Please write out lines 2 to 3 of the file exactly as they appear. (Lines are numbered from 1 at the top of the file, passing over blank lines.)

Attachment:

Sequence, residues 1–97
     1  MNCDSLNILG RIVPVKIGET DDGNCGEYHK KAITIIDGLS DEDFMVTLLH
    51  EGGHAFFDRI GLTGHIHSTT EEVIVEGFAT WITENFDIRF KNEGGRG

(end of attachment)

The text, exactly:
     1  MNCDSLNILG RIVPVKIGET DDGNCGEYHK KAITIIDGLS DEDFMVTLLH
    51  EGGHAFFDRI GLTGHIHSTT EEVIVEGFAT WITENFDIRF KNEGGRG